The Florida Gators jumped to a double digit lead in the second half and maintained it for almost the entire half. They looked to be cruising to a victory. Then, the above play occurred, with just more than a minute remaining, after Marquette had scored to cut the lead to 6 points.
It was a potentially huge turning point. If the referees had called Kenny Boynton for a “flagrant 1” foul, Marquette would have received two free throws and the ball. It could have been a one possession game with just under a minute remaining.
Instead, the referees told Buzz Williams it was a “basketball play”, did not call a flagrant 1 foul for elbow contact, and Florida got the free throws for the foul that followed to stop the clock. Florida went on to win 68-58.
So, should it have been called a “Flagrant 1” foul?
The NCAA altered the flagrant foul rules in 2011, and part of the rationale was to remove “intent” from the call. The officials are not required to determine whether the player intended to make contact or had malicious intent.
Here’s the NCAA rulebook and what it says at 4-29-2-c-6:
A flagrant 1 personal foul shall be a personal foul that is deemed excessive in nature and/or unnecessary, but not based solely on the severity of the act. Examples include, but are not limited to: . . . Illegal contact with an elbow that occurs above the shoulders of an opponent when the elbows are not swung excessively per 4.36.7a.
There is an initial problem here. The initial definition talks about a foul deemed excessive in nature, and the other examples are things like holding a player from behind trying to prevent a score, excessive contact while trying to play the ball (such as a hard foul on a layup). Then, the “elbow above the shoulders” flagrant rule section specifically provides for a foul when contact occurs and elbows are not swung excessively.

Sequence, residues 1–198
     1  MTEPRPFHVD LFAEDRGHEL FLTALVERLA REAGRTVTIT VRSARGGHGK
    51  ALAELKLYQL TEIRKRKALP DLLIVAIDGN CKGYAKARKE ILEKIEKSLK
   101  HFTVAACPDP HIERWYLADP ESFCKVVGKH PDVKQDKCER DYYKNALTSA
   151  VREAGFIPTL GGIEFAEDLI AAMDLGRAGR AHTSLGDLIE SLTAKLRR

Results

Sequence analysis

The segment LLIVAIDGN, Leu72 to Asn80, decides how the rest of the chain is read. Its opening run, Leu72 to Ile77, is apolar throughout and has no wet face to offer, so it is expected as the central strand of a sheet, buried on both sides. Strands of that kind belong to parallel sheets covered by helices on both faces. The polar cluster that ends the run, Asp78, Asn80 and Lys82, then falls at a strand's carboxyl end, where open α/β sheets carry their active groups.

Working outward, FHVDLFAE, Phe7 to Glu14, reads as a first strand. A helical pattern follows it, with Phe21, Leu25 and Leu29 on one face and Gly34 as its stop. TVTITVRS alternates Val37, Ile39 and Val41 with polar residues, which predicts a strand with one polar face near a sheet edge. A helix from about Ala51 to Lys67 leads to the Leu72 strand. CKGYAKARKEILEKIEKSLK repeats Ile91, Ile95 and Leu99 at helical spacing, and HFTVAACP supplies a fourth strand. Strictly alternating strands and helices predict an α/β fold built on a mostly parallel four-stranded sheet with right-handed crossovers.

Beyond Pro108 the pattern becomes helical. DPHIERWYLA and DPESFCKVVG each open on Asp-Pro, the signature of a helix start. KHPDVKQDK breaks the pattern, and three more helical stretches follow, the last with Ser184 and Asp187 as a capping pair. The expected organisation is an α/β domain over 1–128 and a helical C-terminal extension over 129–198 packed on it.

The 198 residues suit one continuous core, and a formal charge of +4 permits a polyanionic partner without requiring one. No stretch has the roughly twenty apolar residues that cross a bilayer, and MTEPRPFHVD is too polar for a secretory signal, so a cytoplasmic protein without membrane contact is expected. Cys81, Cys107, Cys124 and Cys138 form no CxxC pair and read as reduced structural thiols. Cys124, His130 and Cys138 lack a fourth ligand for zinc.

There’s another part of the rulebook that applies. In a section called “Major Officiating Concerns for Men” it says in relevant part:
Officials are reminded that there can be incidental contact with the elbow above or below the shoulders; swinging of the elbow is required for the foul to be classified as a flagrant 1 or 2 foul. Some incidental contact is being penalized improperly.
How do we interpret all of this? I interpret it as (1) it doesn’t matter what intent was, and (2) as long as an arm is swung, and there is elbow contact above the shoulders, it is a flagrant 1, regardless of how serious or severe the contact is. It excludes incidental contact, and I would view that as what happened in this play in the Colorado State-Murray State game, which was reviewed and not penalized. The player is in the act of throwing a pass, and the defender closing on him runs his face into the elbow. Even that is borderline as to whether that would qualify as a swing of the arm, but I think qualifies as incidental contact.
So, here’s my thoughts on the Kenny Boynton play. I think it’s the type of play that should not be penalized as a flagrant 1, philosophically. Florida had won this game and that something relatively innocuous like this could swing the game in the final minute when Marquette is trying to foul seems unfair. I also think, as players are going to do with the way the rule is now written, that the contacted Marquette player embellished the contact.
However, contact occurred, even if not excessive. Boynton swung his arm back, and his elbow grazed the player’s face. So under the current rule, where no intent is required, and where the rule book specifically draws a distinction between “incidental contact” and “swinging the arm”, I thought that this was a Flagrant Foul 1 per the current rulebook. Marquette should have gotten two free throws and the ball.
And I can find no reference to the word “basketball play” in regard to the flagrant foul rules in the rule book.